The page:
View Full Version : Finding end of progam memory/beginning of EPROM on non-BS1

Tom F
05-24-2006, 11:10 PM
I'm surprised that the BS2 doesn't have a progammatic way to find how much EPROM is not being used by the program.

If I'm collecting data, I want to know how much space I've got!

It seems sort of risky to depend on me f to periodically check the memory map to see if my program has grown and then change my source code so that it doesn't acccidentally overwrite my program space.

I was thinking that there must be a programmatic way to do this. Can I assume that EPROM is zeroed when a program is downloaded to it? If so, then when a program starts, it could start at the top of the EPROM memory and search until it finds EPROM that has non-zero contents. Wouldn't that be the end of the memory the program uses? And, having done so, it could put the result at the top memory location of the EPROM so it didn't search during subsequent runs.

(Depending on where DATA statements are stored, perhaps I could even put a "unique" bit pattern at the end of the last Data statement in the program and search for that. Might make the code more robust.)

Or is there a better way?!

05-24-2006, 11:29 PM
Your program only 'grows' each time you compile it. It doesn't 'grow' while its running.

And program code is loaded at the 'top' of memory. 'Data' is loaded from location zero up, while code is loaded from the maximum address, down.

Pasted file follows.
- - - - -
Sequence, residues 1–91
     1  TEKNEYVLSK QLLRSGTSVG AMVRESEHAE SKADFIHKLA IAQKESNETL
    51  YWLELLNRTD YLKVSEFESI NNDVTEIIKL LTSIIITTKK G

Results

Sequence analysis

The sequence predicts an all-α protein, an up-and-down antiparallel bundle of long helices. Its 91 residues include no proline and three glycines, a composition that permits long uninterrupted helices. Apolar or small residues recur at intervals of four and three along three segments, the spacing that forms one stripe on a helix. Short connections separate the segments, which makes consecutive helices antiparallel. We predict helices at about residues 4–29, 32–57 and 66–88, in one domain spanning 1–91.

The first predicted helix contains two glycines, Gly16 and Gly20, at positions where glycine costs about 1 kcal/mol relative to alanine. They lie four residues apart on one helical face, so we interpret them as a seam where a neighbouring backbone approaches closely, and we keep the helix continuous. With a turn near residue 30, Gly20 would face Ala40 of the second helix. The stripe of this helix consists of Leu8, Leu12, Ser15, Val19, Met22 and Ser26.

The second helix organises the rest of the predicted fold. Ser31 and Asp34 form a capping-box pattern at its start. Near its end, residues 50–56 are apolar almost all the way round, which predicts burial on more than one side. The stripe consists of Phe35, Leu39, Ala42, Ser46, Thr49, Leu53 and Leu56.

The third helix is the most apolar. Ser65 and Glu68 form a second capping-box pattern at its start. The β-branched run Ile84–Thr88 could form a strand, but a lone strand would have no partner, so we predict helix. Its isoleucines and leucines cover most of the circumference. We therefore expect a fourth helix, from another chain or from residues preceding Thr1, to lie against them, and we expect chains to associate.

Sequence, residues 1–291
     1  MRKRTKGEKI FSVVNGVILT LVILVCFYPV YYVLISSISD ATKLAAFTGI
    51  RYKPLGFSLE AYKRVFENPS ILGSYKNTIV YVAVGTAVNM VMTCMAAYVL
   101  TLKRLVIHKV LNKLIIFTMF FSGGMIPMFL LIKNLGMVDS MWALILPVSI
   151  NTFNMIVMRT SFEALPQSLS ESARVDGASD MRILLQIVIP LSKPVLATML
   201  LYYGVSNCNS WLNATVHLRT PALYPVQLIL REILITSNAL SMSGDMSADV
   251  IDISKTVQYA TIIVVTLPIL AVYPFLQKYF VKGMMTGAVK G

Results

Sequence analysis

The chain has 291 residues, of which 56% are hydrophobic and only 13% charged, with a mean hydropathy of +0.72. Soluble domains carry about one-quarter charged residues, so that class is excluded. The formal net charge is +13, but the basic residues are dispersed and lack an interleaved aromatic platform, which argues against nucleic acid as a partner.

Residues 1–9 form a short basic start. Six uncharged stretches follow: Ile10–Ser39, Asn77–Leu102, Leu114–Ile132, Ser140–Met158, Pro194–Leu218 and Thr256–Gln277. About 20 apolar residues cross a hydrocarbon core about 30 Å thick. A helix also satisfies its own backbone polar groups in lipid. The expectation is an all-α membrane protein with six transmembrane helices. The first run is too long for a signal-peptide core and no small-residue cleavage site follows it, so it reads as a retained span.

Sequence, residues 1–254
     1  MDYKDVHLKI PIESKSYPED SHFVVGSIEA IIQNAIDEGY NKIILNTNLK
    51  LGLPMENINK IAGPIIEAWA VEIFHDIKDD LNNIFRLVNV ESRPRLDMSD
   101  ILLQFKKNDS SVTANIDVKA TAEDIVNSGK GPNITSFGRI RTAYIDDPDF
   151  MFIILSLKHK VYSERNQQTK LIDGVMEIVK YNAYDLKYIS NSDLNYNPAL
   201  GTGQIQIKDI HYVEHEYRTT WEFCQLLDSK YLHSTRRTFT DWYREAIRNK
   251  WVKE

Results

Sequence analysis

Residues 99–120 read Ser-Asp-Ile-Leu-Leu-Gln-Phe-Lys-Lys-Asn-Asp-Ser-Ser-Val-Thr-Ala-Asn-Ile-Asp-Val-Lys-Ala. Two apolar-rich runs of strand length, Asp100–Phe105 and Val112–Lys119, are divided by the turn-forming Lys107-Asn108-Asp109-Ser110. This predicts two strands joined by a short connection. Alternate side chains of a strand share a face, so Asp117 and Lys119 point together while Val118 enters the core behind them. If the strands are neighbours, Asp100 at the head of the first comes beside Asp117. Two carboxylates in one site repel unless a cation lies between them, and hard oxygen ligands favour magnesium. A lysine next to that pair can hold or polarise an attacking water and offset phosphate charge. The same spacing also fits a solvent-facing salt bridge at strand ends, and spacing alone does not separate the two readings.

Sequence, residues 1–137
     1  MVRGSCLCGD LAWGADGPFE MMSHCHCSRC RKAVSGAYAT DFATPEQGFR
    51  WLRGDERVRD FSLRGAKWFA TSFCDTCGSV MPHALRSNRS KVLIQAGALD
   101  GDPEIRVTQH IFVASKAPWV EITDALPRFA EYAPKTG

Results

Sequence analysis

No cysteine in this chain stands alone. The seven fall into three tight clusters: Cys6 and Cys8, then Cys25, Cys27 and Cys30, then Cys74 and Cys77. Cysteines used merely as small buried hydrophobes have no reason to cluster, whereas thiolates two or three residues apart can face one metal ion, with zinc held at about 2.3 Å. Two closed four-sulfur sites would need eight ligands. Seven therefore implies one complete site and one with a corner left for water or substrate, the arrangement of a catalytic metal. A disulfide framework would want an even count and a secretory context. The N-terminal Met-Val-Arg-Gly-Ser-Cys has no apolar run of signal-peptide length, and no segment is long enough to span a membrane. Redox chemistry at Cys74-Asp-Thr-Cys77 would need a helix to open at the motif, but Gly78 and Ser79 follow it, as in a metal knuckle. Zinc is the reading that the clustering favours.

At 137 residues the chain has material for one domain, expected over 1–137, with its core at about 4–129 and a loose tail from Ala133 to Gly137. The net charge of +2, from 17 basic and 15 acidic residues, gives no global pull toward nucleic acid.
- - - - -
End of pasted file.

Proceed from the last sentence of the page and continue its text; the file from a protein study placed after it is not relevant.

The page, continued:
And I believe there is a 'magic variable' value -- Jon can tell you what it is -- that indicates the lowest location used by your program.

Tom F
05-24-2006, 11:52 PM
Ok, now I've done my research! I can see that the data statements start at EPROM location 0. So, I could end my data statements with a unique key. That would get me the lower bound of the EPROM available.

And, it looks like a program always begins on a 16-bit boundry with at least one word with zeros. So I could search from the bottom of EPROM for those zeroes (assuming the tokenizer doesn't ever tokenize a word of zero.

Anyway, I'm just thinking outloud. If there is a magic variable or other way to go about this, great.

In fact, if there are other magic variables in addition to one for this, I'd love to know where they're documented. (I understand that all of this is probably platform and interpreter dependent... but that's better than depending on my memory!)

Tracy Allen
05-25-2006, 12:19 AM
The eeprom is _not_ automatically zeroed. The way to zero all the memory is with a program that contains only,
DATA 0(2048)

Then when you subsequently load a program, the unused memory will be a contiguous block of zeros starting at location 0.

The program itself STARTs at location 2047 and works down in memory. So the program's lowest address is actually the last instruction in the program.

The IDE downloads blocks of 16 bytes (128 blocks to make 2048). If the program uses part of a 16 byte block, the IDE will zero the remaining bytes in that one block.

There is AFAIK no single pointer to the end of the program/start of free eeprom. Are you working with an original BS2? The BS2p series has additional eeprom that is easy to access with less concern about running over or out.

Tracy Allen
www.emesystems.com (http://www.emesystems.com)